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In the Spirit of Turner

"Fishing Boats in a Squall" - watercolour - 16 x 26 cm


Another painting inspired by the sort of subject that interested Turner, although he would have made a much better job of it of course. I painted this entirely from imagination.

This is another exhibit in the Wave North Exhibition at Caithness Horizons.


Comments

  1. Good morning Keith!... The imagination captures... while the eye tend only to copy. Your imagination has triumphed in capturing the force of the storm... as in the wind effects and ominous colour of the water... creating a strong sense of place.

    Beyond that depiction of the pictorial... you toss in a handful of emotion - Hope. All eyes aboard gaze towards the safety of the headland... over which the only dash of blue sky hovers.


    Perhaps, I read into your work as romantically... as you created it... with imagination... and on another plane. Is that not truly "Turneresque".... whose incandescent painting interests were said "to bridge Romanticism with Impressionism"?

    I love this piece Keith! A gem!

    Good Painting!
    Warmest regards,
    Bruce

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    Replies
    1. Hi Bruce, if your imagination has been stirred by this, I'm glad because I think that's our reason for painting, isn't it.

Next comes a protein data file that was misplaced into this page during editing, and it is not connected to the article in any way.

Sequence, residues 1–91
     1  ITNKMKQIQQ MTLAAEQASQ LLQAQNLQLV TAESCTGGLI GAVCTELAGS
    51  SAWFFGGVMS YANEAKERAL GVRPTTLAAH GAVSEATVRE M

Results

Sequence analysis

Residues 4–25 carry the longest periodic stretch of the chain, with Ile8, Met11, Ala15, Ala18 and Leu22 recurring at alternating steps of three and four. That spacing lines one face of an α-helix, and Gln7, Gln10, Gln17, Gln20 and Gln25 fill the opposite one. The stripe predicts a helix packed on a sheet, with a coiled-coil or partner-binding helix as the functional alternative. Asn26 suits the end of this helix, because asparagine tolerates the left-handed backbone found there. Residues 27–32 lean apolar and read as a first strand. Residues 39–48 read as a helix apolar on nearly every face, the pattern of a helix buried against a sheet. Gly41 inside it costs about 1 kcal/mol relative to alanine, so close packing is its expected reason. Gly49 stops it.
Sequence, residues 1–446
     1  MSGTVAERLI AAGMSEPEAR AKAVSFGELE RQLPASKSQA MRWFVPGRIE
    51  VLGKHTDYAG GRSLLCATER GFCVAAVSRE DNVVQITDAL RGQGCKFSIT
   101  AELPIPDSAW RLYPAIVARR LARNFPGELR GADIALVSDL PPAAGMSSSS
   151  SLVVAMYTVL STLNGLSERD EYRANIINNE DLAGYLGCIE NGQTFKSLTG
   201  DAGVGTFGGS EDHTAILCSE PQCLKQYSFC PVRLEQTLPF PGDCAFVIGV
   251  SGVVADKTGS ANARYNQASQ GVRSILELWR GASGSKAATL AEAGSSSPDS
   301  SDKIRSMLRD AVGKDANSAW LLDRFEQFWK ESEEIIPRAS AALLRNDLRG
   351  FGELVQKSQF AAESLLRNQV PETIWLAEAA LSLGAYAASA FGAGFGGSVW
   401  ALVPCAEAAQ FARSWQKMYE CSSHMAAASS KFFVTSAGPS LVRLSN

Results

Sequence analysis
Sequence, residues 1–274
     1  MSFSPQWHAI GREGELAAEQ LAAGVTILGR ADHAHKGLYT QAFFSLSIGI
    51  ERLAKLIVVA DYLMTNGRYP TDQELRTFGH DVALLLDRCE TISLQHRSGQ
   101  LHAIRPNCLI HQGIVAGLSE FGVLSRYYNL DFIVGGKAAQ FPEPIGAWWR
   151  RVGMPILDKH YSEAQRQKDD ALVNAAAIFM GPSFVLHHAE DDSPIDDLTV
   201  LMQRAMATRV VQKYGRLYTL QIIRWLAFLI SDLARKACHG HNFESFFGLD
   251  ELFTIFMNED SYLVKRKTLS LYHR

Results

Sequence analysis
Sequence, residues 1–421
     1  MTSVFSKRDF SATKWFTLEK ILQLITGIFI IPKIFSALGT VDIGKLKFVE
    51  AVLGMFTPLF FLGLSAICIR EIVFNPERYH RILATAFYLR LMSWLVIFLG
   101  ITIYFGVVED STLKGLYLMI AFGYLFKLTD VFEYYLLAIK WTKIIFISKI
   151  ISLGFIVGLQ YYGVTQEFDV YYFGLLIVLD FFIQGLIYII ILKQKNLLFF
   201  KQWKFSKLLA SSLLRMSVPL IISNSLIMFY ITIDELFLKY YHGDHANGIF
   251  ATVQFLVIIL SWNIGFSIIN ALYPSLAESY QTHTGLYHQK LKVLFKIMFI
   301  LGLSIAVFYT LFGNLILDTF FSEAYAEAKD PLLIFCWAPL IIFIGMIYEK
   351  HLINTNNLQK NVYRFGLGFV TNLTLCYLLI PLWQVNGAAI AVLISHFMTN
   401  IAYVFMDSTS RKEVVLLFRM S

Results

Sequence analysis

Yet again we seem to be in harmony, with your discussion of not merely 'copying' and my 'imagineering', as I think you call it.

      All the best,
      Keith

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  2. I can't imagine being able to imagine a scene like this, let alone get it down on paper. You've created a lot of movement and energy in those waves and the full sails and awkward lean of the boat beautifully demonstrate the strong winds of the squall. Your sky is dramatic, as always, and this is a truly stunning painting. Superb!

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    Replies
    1. Thanks John. To some extent the imagining followed a logical process: I had in mind Turner paintings of boats caught in shafts of sunlight in rough seas, so that gave me the centre of interest. The boat was the same type as several others I've painted recently. The lean of the mast was add to the drama, and to continue the line of the waves and lead the eye around the painting. The patch of blue sky helped to explain the sunlight on the water, and the dark clouds made the sail and the waves stand out.

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  3. Amazing work Keith, very vivid and I can taste the salt on my lips …

    Excellent adaptation.

    isabella

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